Marnie Reviews

  • Oct 07, 2020

    Marnie is an odd, complex and discomfiting psychological drama, with more annoying "process shots" than any other Hitchcock film I can think of, yet I couldn't take my eyes off the screen for an instant. Hedren and Connery are excellent, and Diane Baker outstanding in a small but crucial role.

    Marnie is an odd, complex and discomfiting psychological drama, with more annoying "process shots" than any other Hitchcock film I can think of, yet I couldn't take my eyes off the screen for an instant. Hedren and Connery are excellent, and Diane Baker outstanding in a small but crucial role.

  • May 26, 2020

    The Beginning of the End. There are, in many lives and art movements, defining moments that are ruptures, seminal changes, paradigm shifts after which nothing will be the same anymore: Marnie, the Hitchcock's movie released in 1964 after two masterpieces like Psycho and The Birds, marks the beginning of the end for the artistic developments of one of the most important and beloved directors of the XX Century. The story of films is full of movies that, underrated by critics or ignored by the vast public, are nonetheless very beautiful and interesting, but unfortunately Marnie does not belong to this group; the negative reviews and the box-office flop appear, even after many years, the natural and inevitable outcome of a movie that not even the immense artistic credits of its director can save from a sad but heavy low mark. Surely, keeping the artistic heights of the previous two movies was most likely impossible, but such a major fall was hard to predict as well! The basic idea could have been intriguing and experimental: a thriller without a whodunnit, where the progressive discovery of the causes at the roots of the protagonist's pathologies was the only uncertainty, not even too difficult to detect though, could have freed the narrative to roam freely towards an in-depth analysis of the fascination of the male protagonist for ethology, delving on his ambivalent role of a therapist, aiming to heal and free Marnie from her phobias, and of a mentally ill patient, obsessed with a serial thief and a compulsory liar, possibly a screen projection of the known obsession of Hitchcock for Tippi Hedren, Grace Kelly's inadequate replacement. Alas, none of the above is found in Marnie: Tippi Hedren's acting, already mediocre in her debut role in The Birds, becomes here plain lack of nuances and expressiveness, a handsome but rigid Sean Connery a distant, pale reflection of Cary Grant, the basic scenes and the high-school psychology handbook level of the script prevent the viewer, even the more casual or the Hitch's die-hard fan, to get involved, captured by the plot and the characters. Along the years, many have tried to reconsider Marnie, offering benevolent analyses that justified with artistic merits the evident artificiality of some film settings or amplifying the chromatic choices of some of its scenes; even if understandable in light of the values of Hitchcock's overall body of films, mostly they appear only a nice but timid and unconvincing try that cannot succeed in offsetting the bitter aftertaste that Hitchcock's genius has entered with Marnie its Sunset Boulevard, from which the next and final four movies will not deviate, without though undermining the fundamental role and place of the British director in the history of cinema.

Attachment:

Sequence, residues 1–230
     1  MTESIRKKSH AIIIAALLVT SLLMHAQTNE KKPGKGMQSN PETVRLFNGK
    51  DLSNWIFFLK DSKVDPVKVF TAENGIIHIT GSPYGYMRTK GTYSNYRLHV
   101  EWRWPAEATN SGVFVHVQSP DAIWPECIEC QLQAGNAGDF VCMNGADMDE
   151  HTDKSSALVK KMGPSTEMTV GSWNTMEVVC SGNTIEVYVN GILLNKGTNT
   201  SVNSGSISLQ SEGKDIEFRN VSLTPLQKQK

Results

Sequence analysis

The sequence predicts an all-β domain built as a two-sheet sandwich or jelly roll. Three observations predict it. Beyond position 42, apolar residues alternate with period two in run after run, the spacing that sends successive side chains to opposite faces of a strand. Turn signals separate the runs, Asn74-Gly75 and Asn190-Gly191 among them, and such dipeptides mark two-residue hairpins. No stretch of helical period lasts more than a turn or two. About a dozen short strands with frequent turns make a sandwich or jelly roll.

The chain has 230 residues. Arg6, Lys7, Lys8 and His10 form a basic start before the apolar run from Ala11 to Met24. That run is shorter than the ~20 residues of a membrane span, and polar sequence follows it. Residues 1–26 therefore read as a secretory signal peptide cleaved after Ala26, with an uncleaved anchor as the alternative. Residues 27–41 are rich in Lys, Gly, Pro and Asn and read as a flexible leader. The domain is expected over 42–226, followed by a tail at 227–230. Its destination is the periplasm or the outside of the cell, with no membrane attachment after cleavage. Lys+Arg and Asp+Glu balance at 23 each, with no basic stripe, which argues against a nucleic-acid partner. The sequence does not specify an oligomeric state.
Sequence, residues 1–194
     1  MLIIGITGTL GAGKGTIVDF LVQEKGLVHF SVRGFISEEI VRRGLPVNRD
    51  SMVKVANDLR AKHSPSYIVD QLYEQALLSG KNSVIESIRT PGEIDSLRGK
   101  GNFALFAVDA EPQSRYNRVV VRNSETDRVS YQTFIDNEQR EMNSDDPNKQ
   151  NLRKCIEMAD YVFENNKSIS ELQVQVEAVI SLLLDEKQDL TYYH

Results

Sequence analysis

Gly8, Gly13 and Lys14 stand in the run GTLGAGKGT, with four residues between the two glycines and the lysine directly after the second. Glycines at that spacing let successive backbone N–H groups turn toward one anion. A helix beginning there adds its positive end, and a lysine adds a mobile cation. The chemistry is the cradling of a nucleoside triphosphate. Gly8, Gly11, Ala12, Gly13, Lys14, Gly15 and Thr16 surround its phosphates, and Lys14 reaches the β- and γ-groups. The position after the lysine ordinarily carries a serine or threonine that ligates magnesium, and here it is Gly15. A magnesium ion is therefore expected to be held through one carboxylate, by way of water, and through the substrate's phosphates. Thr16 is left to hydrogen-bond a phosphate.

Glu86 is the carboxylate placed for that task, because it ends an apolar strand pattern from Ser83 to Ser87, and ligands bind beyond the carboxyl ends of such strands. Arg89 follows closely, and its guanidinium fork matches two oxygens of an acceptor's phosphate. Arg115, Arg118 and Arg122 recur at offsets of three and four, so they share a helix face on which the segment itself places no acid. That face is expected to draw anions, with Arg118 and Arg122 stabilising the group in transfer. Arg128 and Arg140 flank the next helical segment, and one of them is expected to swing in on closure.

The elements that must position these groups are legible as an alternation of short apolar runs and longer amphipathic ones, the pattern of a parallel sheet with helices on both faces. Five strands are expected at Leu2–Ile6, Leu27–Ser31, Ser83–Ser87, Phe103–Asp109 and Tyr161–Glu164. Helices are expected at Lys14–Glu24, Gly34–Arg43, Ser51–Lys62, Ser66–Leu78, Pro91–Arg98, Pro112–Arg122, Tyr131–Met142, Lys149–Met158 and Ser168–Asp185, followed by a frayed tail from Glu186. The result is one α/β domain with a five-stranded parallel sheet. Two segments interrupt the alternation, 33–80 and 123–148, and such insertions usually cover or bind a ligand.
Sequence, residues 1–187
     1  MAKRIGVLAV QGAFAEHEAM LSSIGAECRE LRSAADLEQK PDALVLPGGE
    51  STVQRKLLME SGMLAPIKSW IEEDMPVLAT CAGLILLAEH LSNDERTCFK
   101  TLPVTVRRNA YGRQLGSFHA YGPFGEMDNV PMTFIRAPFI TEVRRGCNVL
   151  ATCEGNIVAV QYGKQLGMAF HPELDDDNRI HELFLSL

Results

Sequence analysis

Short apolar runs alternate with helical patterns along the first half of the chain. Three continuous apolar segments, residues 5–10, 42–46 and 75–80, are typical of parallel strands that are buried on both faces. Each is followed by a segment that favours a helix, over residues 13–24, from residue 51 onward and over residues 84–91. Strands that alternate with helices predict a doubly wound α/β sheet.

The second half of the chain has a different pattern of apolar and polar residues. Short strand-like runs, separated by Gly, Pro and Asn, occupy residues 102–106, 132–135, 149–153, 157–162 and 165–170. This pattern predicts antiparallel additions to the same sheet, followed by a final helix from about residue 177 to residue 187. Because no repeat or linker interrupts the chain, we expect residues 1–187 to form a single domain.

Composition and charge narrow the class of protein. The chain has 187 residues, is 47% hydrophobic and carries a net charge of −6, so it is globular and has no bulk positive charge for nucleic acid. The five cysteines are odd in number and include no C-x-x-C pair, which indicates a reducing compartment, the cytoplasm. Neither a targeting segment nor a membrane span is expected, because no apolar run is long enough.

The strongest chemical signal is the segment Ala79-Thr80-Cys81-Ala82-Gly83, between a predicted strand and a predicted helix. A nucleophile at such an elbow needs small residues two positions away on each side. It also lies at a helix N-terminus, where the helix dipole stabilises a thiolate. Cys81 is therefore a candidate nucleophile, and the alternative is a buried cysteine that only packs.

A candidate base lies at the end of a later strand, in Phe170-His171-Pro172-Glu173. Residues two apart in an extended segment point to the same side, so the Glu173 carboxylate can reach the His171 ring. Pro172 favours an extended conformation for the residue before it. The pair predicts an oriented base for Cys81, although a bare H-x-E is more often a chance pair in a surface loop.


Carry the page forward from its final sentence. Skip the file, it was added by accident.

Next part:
The Beginning of the End. There are, in many lives and art movements, defining moments that are ruptures, seminal changes, paradigm shifts after which nothing will be the same anymore: Marnie, the Hitchcock's movie released in 1964 after two masterpieces like Psycho and The Birds, marks the beginning of the end for the artistic developments of one of the most important and beloved directors of the XX Century. The story of films is full of movies that, underrated by critics or ignored by the vast public, are nonetheless very beautiful and interesting, but unfortunately Marnie does not belong to this group; the negative reviews and the box-office flop appear, even after many years, the natural and inevitable outcome of a movie that not even the immense artistic credits of its director can save from a sad but heavy low mark. Surely, keeping the artistic heights of the previous two movies was most likely impossible, but such a major fall was hard to predict as well! The basic idea could have been intriguing and experimental: a thriller without a whodunnit, where the progressive discovery of the causes at the roots of the protagonist's pathologies was the only uncertainty, not even too difficult to detect though, could have freed the narrative to roam freely towards an in-depth analysis of the fascination of the male protagonist for ethology, delving on his ambivalent role of a therapist, aiming to heal and free Marnie from her phobias, and of a mentally ill patient, obsessed with a serial thief and a compulsory liar, possibly a screen projection of the known obsession of Hitchcock for Tippi Hedren, Grace Kelly's inadequate replacement. Alas, none of the above is found in Marnie: Tippi Hedren's acting, already mediocre in her debut role in The Birds, becomes here plain lack of nuances and expressiveness, a handsome but rigid Sean Connery a distant, pale reflection of Cary Grant, the basic scenes and the high-school psychology handbook level of the script prevent the viewer, even the more casual or the Hitch's die-hard fan, to get involved, captured by the plot and the characters. Along the years, many have tried to reconsider Marnie, offering benevolent analyses that justified with artistic merits the evident artificiality of some film settings or amplifying the chromatic choices of some of its scenes; even if understandable in light of the values of Hitchcock's overall body of films, mostly they appear only a nice but timid and unconvincing try that cannot succeed in offsetting the bitter aftertaste that Hitchcock's genius has entered with Marnie its Sunset Boulevard, from which the next and final four movies will not deviate, without though undermining the fundamental role and place of the British director in the history of cinema.